Managed Repair Insurance Claim Programs – The Real Cost
Update 2020: Insurer pays bonuses to skimp on repairs
A great deal of information is being published regarding some insurance companies’ plans to implement so called “Managed Repair” programs. The rationale is that they will reduce costs (and I assume increase profits) by partnering with restoration contractors and some independent adjusting companies who supposedly will oversee the work and provide some sort of due diligence. So here we have yet another scheme being proposed allegedly to reduce policyholders' premiums which likely will be added to other failed proposals, given they never seem to accomplish the stated goal of getting costs down so the policyholder actually benefits by getting lower premiums. So the most important questions we should be asking ourselves are: What’s the real cost to the policyholder and will rate increases continue despite these managed repair programs?
As I have written before, the process of repairing a policyholder’s property after a covered loss (regardless of the fine print) that is rolled out in the guise of a managed repair program is in my opinion, a fool’s errand. In fact, as much a foolish errand as taking appraisal clauses out of the property insurance policies and thus having to litigate causation as it relates to the scope and the price of the loss. We all saw how that worked out with soaring legal fees and huge delays due to backed up courts.
Since I have not seen the restoration contractor/independent adjuster managed repair cost issue vetted, I think it would be wise to let a little sun shine in on the archaic and misleading billing method demanded by most insurance companies and used by their restoration contractor friends. As most of the readers of this blog may know, particularly those of you in the loss adjusting business, insurance companies require a line-by-line detailed scope of the loss, listing linear feet, square feet, and other descriptive terms of damaged building components which they claim allows for pricing each item within the scope of the loss. Then at the very end of sometimes reams of paper representing the “estimate,” there are two line items which are supposed to support the profit and overhead that the restoration contractor can collect above their unit or line-by-line cost. To the uninformed and helpless property owner this may look like a simple and justifiable method for the contractor to get paid but do not be fooled! What you are seeing is misleading at best and at worst…..fraud.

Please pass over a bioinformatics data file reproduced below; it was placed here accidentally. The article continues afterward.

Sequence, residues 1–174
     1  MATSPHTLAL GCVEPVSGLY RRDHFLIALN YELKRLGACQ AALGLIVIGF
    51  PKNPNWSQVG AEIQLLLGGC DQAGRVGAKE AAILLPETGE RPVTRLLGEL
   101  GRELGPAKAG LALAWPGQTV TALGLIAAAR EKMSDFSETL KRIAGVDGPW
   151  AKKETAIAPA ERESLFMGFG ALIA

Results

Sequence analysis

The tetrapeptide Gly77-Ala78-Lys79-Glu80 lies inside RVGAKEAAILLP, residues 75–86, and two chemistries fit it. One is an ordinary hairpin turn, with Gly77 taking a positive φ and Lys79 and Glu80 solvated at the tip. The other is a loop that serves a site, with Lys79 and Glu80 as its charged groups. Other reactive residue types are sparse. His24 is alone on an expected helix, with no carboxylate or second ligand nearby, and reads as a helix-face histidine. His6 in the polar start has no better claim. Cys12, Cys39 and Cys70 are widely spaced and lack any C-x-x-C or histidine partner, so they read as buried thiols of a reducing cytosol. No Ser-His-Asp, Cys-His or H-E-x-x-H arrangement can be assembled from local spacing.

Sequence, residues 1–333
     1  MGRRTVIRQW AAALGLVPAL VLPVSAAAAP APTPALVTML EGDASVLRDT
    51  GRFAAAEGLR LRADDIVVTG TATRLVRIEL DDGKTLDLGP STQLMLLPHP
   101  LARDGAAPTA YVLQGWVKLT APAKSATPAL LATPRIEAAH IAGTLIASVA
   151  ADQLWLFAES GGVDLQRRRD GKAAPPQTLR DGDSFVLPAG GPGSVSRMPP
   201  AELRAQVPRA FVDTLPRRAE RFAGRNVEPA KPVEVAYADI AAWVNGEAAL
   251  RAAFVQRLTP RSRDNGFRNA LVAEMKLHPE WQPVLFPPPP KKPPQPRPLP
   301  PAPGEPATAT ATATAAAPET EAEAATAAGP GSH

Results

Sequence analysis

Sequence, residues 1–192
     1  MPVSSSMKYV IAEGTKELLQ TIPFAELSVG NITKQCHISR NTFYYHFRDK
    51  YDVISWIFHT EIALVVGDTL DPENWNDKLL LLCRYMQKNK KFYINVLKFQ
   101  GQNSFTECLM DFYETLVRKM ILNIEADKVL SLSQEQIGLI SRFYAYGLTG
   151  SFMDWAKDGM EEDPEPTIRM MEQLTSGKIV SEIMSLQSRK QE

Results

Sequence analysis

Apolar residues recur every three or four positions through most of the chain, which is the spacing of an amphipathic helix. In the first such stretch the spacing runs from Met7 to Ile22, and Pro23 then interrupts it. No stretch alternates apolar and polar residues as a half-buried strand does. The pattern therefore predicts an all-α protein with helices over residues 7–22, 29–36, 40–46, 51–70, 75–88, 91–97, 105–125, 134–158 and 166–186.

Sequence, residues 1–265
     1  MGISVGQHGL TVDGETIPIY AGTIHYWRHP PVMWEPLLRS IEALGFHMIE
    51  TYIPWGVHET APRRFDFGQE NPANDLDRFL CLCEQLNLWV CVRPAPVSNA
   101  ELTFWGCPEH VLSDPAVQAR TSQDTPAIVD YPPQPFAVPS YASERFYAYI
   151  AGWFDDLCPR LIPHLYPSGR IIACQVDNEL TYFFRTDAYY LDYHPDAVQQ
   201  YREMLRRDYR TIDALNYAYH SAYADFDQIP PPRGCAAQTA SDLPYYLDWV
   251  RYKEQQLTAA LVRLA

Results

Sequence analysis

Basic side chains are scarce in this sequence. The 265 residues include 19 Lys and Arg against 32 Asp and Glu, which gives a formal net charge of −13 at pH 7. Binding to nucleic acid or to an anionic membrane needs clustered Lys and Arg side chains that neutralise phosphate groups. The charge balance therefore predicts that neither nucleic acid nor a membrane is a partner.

You see, I have yet to meet any restoration contractor anywhere that has told me his or her business can survive in a very competitive market on a 10% overhead and 10% profit business model. In fact, the honest ones will brag that their profit margins are more in the 30% to 40% range. And remember that is PROFIT! So how do they do it? Well, it seems that by using their own or others estimating software program, they mark-up the prices on individual line items to achieve the profit margins they think they can get away with.
So why is this being allowed? It certainly appears fraudulent telling a policyholder and the insurer one thing, but doing something else to line their pockets with a whole lot more profit. Good question you might say! I’ll address more on that issue in a separate blog. Maybe the simple answer is that it just looks logical and explainable. So what does this have to do with managed repairs? Well, the obvious question is, how will the carriers pay their partner restoration friends under managed repair? Will they hold the restoration contractor’s feet to the fire and only give them 10% profit and 10% overhead or will they let them make the margins they are used to (30/40%) but continue to show 10&10 to the policyholders and the regulators whose task it is to review rate increases, a.k.a. premium increases.
So if repair costs are the real driving factor for the insurance companies managed repair scheme, let’s make sure there is not a slight of the hand going on with billing one price for profit and overhead but in fact pocketing double or triple the profit with the true picture hidden in the line items to maintain the margins that restoration contractors say they need to be the darlings of Uncle Insurance.
What say ye, Uncle Insurance?